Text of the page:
Lois on the Loose

By Lois Pryce

St. Martin's. 294 pp. $23.95.

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Reviewed by Jen A. Miller


Lois Pryce didn't have a bad life. She just had a boring one. Her job at the BBC was beyond tedious, her workspace was dubbed the "Pigpen," and her administrative superior made

The Office

's Michael Scott look like a shoo-in for boss of the year.

So she did what many of us dream of doing while staring at our cubicle walls - she quit. But she didn't try to find a new job, or run off to an island where every drink comes with a paper umbrella, or try to write a novel, or loaf around her apartment. Instead, she flew to Alaska and motorcycled from there to Argentina on an old, beat-up and, at times, barely breathing Yamaha XT225 Serow.

Pryce recounts that 20,000-mile, 10-month trek in Lois on the Loose. The book is like her journey: light and loose, with dash of danger. Even if the story is sometimes weighed down by the monotony of a transcontinental trip - how many times can we read about the joys of the open road? Or foreign-food-related illness? - what makes the book a joy is Pryce's adventures along the way, such her negotiations with "fixers" (men who take bribes to help you through customs) and a wild night at Norton Rat's Tavern, a motorcycle bar in Peru.

In one very colorful passage, she flips off a cadre of screeching Guatemalan women who try to bilk her because she bumped into their car's driver-side mirror. It's not that Pryce is a mean woman, or a rude traveler. But when a woman has the guts to ride mostly solo through South America, she knows how to stand up for herself, and her flashes of temper in the name of self-preservation are laugh-out-loud funny.

She picks up companions along the way, and the results are mixed. Rachel, who turns out to be Pryce's biking soul mate, read about the trip on Pryce's blog and joined in, and their shared companionship thankfully breaks up the "lone traveler" narrative. But it's Pryce's time with Amelia, an acquaintance from home who meets up with Pryce in Peru, that, like the incident with the Guatemalan women, is priceless. It's open season for snark. Amelia shows up "looking immaculate in a coordinated outfit, hair accessories and makeup," and their time together goes downhill from there. Amelia's bike is brand-new, overpacked and under-geared, and her expectations for her trip are more along the lines of those drinks-with-paper-umbrellas than the dirt, grime, roadblocks, red tape, waiting, bad food, stomach ailments and catcalling that makes up most of Pryce's trip.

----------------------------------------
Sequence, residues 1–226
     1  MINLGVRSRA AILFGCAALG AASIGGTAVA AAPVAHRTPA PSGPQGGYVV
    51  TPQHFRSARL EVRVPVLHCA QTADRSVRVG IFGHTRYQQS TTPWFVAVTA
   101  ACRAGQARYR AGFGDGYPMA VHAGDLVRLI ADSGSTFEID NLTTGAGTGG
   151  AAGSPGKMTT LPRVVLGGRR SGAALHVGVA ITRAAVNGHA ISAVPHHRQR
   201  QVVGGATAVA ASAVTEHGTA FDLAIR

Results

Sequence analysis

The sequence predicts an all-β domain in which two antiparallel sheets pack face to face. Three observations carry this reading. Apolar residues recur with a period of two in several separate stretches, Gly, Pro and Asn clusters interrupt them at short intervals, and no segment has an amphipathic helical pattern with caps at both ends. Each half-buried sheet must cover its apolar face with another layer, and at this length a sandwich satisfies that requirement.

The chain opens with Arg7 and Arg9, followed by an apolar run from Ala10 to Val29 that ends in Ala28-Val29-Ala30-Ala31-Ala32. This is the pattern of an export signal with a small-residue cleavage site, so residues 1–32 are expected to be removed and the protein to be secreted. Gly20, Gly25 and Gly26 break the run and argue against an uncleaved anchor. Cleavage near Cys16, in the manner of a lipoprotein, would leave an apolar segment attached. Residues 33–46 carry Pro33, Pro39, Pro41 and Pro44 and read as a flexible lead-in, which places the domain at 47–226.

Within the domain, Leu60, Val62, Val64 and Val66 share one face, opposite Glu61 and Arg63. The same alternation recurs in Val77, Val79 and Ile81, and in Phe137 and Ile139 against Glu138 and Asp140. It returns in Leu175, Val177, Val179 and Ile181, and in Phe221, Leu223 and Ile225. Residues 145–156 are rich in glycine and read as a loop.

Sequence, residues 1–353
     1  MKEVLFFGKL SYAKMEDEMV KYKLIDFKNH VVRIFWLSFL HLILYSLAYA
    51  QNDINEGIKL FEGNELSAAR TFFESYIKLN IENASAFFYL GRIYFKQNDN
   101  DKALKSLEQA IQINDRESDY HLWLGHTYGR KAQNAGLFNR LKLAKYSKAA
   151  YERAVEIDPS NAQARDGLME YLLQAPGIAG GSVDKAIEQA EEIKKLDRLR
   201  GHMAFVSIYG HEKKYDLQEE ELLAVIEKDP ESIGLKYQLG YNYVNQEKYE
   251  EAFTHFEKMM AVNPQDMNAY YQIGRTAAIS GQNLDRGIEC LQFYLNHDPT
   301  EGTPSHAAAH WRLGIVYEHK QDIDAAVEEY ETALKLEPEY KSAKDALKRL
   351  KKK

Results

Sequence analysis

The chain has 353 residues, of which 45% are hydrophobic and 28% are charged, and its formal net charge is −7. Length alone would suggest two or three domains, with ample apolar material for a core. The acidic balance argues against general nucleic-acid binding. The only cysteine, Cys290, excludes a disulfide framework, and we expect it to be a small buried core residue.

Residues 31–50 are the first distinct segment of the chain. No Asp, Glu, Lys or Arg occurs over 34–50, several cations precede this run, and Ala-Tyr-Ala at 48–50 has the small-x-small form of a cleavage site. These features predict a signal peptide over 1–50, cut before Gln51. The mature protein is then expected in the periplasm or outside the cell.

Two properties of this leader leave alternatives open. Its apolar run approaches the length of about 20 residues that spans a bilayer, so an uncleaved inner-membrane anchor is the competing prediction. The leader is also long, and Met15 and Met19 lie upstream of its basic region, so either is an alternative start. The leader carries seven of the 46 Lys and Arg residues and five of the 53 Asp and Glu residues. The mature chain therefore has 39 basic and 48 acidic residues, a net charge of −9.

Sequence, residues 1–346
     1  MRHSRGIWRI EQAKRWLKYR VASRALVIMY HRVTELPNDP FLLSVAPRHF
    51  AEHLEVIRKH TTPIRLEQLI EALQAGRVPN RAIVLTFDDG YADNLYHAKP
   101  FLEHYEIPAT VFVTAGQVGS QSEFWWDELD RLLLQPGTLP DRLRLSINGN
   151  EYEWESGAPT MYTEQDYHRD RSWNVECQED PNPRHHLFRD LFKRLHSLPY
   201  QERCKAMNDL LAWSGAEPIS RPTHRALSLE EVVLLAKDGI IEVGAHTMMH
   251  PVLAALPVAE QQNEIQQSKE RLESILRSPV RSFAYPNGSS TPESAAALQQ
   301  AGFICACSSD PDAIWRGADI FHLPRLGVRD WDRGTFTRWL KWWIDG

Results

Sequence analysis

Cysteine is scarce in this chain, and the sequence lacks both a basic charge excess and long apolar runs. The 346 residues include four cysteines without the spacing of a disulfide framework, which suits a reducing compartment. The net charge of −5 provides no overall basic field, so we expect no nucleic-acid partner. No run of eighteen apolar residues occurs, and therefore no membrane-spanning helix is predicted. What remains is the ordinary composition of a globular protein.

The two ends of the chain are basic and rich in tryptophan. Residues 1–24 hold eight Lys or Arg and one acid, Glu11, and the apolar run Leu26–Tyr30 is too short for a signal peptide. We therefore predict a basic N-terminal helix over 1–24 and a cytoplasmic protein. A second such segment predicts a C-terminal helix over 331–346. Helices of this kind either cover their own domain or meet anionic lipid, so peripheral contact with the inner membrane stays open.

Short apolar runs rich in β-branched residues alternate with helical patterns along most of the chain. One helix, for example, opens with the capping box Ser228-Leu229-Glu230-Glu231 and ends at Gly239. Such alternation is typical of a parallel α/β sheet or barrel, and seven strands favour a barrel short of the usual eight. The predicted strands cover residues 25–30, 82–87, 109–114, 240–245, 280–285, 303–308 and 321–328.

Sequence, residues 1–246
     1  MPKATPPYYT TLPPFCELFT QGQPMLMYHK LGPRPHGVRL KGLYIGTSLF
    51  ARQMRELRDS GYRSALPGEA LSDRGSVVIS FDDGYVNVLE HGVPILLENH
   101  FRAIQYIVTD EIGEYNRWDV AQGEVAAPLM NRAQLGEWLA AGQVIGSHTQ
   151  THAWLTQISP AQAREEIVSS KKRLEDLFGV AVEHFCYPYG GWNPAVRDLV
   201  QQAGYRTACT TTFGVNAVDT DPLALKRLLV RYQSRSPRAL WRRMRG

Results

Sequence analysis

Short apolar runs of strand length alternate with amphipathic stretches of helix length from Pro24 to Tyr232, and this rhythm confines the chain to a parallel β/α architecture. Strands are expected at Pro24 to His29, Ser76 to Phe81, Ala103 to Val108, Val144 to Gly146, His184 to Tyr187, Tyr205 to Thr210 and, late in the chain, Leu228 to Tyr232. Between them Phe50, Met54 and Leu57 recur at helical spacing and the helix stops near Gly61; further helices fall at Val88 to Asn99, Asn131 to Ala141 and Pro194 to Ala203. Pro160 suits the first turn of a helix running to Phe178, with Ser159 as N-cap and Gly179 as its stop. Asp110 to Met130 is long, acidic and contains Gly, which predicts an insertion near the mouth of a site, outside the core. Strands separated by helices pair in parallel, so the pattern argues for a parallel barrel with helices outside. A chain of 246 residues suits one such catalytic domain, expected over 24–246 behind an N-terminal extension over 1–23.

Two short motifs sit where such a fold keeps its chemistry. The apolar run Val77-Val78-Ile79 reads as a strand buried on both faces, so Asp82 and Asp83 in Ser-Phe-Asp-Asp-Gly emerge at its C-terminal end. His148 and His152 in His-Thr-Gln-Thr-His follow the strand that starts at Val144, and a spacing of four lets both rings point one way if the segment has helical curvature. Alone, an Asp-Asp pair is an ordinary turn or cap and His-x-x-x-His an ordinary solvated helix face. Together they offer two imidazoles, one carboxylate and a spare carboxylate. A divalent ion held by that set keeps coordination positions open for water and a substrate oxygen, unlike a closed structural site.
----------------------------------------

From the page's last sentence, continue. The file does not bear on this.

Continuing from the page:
After a gaggle of schoolchildren stop to stare, point, and ask questions of the two ladies on motorcycles, Amelia utters this lovely story: "When I was at art college . . . I made this sculpture of an enormous fat woman covered in insects and children, crawling all over her, eating her flesh. It was a statement about how motherhood is like having a load of parasites feeding off you." Nice lady. She didn't last much longer.

That didn't stop Pryce, though. It's not giving too much away to say that she got back to England in one piece. "Adventure is just a personal thing, I decided," writes Pryce. "It means whatever you want it to. To me it just means having a go at something that might be exciting or difficult, just to see if I can." Lois on the Loose might not have you hopping on the first flight to Alaska, but it's worth picking up if only for the vicarious thrill of reading about Pryce's personal adventure.

Proof that she thought the trip was worth it? After going back to England and getting married, she took a Yamaha TTR250 from Tangiers to the Cape of Good Hope. Sure beats the boss at the BBC.

Jen A. Miller writes about books for Poets and Writers, US Airways Magazine, the St. Petersburg Times, and Psychology Today.